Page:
Opponents of a huge Pacific free-trade deal began mobilizing Thursday as the administration of President Barack Obama released the agreement text to begin the process of seeking ratification from Congress.
Obama declared the deal struck with Japan, Australia, and nine other Pacific economies as a pact written to US standards and interests, warning that the US would lose out if it is not endorsed by the legislature.
"It's the highest standard trade agreement in history," Obama said in a statement.
"The TPP means that America will write the rules of the road in the 21st century... And if we don't pass this agreement -- if America doesn't write those rules -- then countries like China will. And that would only threaten American jobs and workers and undermine American leadership around the world."
But with the public now able to examine the 5,000 pages of details of the deal, kept secret throughout negotiations, signs were emerging that the White House could have a tough fight on its hands.
Opponents have already scheduled protests in Washington for November 16, saying that the agreement is "worse than we thought".
Senator Bernie Sanders, a Democrat running to succeed Obama in next year's election, used that same phrase to voice his opposition.
"This trade deal would make it easier for corporations to shut down more factories in the US and ship more jobs to Vietnam and Malaysia where workers are paid pennies an hour," he said.
"I will do everything I can to defeat the TPP."
Activists bashed it for having few teeth to enforce labor rights and environmental protections, while giving drug companies patent protections that would deny poor people access to vital drugs.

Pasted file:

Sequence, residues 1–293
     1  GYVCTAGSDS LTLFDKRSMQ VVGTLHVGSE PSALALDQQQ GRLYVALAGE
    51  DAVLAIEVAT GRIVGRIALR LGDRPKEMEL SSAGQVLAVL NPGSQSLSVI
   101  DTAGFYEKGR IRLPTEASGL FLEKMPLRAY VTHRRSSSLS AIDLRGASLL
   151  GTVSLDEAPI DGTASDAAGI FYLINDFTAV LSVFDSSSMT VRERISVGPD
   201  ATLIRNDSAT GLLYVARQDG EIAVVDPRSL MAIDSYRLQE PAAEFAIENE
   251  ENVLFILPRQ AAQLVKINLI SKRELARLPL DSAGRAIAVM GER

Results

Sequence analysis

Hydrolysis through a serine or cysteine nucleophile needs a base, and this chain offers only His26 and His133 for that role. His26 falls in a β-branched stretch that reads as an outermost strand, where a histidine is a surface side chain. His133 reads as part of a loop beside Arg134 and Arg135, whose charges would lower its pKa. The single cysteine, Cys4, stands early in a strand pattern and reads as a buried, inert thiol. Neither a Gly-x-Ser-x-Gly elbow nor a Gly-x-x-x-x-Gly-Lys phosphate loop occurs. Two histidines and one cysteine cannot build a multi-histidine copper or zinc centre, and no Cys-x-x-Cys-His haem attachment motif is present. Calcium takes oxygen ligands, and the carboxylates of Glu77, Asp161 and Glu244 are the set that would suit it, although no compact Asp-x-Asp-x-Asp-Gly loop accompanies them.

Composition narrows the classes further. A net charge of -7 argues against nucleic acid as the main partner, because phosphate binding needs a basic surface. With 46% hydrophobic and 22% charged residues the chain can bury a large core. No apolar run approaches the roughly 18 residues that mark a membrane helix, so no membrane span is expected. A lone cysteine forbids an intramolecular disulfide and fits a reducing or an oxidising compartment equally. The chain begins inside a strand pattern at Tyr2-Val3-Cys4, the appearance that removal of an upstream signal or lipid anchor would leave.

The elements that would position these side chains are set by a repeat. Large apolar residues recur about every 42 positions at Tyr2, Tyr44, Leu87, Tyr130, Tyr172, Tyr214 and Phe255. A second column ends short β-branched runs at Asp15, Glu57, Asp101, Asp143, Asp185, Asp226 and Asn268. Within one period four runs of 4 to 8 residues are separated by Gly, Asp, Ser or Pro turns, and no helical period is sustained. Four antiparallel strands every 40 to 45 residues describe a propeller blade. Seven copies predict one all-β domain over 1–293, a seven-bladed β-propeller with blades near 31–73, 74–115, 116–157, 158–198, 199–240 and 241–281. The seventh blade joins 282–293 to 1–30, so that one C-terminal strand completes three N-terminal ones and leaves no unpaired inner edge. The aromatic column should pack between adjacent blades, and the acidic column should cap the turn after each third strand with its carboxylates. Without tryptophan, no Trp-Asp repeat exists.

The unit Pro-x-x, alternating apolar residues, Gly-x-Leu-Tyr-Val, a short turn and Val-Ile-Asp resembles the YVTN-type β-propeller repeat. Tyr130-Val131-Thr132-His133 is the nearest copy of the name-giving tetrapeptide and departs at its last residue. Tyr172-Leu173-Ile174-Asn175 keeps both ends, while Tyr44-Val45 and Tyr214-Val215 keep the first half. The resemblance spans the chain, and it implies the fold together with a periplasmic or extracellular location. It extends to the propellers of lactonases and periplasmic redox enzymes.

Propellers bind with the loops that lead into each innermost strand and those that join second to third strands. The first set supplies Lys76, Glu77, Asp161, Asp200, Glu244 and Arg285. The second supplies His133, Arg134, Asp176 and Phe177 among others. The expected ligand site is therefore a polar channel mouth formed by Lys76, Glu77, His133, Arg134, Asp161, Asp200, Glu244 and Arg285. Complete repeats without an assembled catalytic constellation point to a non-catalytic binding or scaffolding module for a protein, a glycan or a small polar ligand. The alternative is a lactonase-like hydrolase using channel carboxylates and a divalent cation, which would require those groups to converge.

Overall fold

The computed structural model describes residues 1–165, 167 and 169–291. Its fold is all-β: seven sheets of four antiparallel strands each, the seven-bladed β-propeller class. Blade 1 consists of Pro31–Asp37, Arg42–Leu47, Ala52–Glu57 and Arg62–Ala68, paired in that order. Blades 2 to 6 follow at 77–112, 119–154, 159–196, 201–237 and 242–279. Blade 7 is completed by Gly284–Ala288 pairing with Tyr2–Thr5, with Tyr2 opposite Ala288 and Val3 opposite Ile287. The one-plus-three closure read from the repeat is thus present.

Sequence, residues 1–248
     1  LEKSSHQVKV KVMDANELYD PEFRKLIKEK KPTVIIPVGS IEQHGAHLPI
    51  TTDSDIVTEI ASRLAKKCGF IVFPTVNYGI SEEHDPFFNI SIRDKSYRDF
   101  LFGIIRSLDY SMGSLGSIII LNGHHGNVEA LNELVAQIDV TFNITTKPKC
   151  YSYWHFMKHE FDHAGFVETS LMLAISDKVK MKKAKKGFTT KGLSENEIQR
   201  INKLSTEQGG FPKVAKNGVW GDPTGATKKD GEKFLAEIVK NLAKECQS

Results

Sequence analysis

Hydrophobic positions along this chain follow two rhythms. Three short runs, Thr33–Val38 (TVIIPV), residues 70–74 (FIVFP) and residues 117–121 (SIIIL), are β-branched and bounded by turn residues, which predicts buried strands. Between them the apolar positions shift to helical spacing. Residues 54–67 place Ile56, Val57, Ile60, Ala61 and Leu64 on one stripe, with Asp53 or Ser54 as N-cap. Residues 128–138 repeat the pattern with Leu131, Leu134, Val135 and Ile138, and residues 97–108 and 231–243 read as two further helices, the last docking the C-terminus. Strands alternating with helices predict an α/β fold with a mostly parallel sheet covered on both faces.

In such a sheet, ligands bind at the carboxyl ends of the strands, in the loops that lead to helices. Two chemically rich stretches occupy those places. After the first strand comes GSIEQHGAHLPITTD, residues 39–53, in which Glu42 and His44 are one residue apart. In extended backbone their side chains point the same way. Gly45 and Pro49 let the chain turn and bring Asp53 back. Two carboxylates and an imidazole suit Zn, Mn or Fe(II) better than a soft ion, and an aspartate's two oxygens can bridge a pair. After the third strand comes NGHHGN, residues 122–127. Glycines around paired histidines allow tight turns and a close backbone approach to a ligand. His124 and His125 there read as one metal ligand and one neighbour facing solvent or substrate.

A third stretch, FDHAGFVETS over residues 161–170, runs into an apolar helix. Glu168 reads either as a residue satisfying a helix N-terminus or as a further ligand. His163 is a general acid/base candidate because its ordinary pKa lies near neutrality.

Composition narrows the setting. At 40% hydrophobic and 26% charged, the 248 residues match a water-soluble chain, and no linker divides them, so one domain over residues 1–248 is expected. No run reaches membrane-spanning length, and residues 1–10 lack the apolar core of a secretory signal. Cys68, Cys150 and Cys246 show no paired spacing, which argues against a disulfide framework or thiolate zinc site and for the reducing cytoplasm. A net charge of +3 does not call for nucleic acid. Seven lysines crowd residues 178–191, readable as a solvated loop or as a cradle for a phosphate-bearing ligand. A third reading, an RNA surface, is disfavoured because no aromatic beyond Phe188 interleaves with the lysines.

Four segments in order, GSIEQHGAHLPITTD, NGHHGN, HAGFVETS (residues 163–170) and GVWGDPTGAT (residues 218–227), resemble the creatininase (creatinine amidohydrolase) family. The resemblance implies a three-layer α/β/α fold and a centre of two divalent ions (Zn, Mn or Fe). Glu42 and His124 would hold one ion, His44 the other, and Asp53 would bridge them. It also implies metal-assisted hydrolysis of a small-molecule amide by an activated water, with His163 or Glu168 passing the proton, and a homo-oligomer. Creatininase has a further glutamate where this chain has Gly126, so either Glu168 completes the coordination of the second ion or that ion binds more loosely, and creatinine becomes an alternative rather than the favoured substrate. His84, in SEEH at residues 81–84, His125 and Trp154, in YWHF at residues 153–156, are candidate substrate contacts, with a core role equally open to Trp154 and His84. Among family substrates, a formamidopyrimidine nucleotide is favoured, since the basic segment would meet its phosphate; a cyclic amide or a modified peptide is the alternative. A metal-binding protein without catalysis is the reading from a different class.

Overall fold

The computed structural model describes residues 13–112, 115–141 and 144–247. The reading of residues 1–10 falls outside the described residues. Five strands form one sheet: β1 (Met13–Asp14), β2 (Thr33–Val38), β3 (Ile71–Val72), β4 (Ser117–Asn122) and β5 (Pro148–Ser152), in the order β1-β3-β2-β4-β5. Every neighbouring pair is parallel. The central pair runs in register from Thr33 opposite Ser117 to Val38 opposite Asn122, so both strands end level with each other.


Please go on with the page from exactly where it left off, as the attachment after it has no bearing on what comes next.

"The TPP really has a corporate agenda... and does not help working people," said Celeste Drake of the AFL-CIO labor federation.
"The words 'climate change' don't even appear in the text, a dead giveaway that this isn't a 21st-century trade deal," said Michael Brine, executive director of the Sierra Club.
- Long process -
The challenge Obama faces has already played out once, when he struggled hard to get the authority from Congress to negotiate a final deal. The president had to lean far more on Republicans than his own Democratic party to get support, and then it barely passed.
Democrats fear the deal will have similar results to the 1994 North American Free Trade Agreement, which they say resulted in tens of thousands of US jobs being lost to Mexico and Canada.
Many Republicans have meanwhile warned the White House that the deal should not give away too much to the other 11 countries in it.
The challenge is that the TPP pact cannot be amended now that it is complete, and must be accepted or rejected as a whole by Congress.
Late Thursday Obama gave Congress official notification that he intends to sign the pact in 90 days.
Then there is a lengthy period in which a full assessment of its economic impact is done, and afterward Congress will have a chance to vote. Some estimates say that could mean the first ratification vote would not happen until later next year.
Conservatives were cautiously supportive.
"Enactment of TPP is going to require the administration to fully explain the benefits of this agreement and what it will mean for American families," said the powerful new speaker of the House of Representatives, Paul Ryan.
"But I remain hopeful that our negotiators reached an agreement that the House can support because a successful TPP would mean more good jobs for American workers and greater US influence in the world."
The Business Roundtable, a group of top chief executives, said the deal has "incredible potential for even more economic growth and job creation in the United States, while also improving environmental and labor standards in the TPP countries."
Appended to the bill to earn support in Congress and from businesses and labor groups was an agreement by the 12 to not manipulate their currencies for trade advantage. That was an issue a number of legislators demanded to earn their support.
As for the public, a Monmouth University poll said Americans generally have "no opinion" and are "simply not tuned in" to the TPP.
"The potential impact on Main Street remain difficult for most Americans to picture," said polling director Patrick Murray.